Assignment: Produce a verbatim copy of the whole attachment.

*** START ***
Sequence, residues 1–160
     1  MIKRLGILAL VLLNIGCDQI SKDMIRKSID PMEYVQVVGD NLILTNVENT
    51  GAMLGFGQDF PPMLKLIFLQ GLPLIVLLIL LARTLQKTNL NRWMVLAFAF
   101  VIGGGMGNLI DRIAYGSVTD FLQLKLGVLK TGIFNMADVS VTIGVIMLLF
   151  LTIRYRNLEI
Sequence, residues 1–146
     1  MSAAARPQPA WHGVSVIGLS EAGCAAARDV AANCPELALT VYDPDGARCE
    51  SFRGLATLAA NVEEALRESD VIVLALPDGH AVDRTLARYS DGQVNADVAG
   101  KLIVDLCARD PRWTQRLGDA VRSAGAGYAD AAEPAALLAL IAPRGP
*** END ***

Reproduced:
Sequence, residues 1–160
     1  MIKRLGILAL VLLNIGCDQI SKDMIRKSID PMEYVQVVGD NLILTNVENT
    51  GAMLGFGQDF PPMLKLIFLQ GLPLIVLLIL LARTLQKTNL NRWMVLAFAF
   101  VIGGGMGNLI DRIAYGSVTD FLQLKLGVLK TGIFNMADVS VTIGVIMLLF
   151  LTIRYRNLEI
Sequence, residues 1–146
     1  MSAAARPQPA WHGVSVIGLS EAGCAAARDV AANCPELALT VYDPDGARCE
    51  SFRGLATLAA NVEEALRESD VIVLALPDGH AVDRTLARYS DGQVNADVAG
   101  KLIVDLCARD PRWTQRLGDA VRSAGAGYAD AAEPAALLAL IAPRGP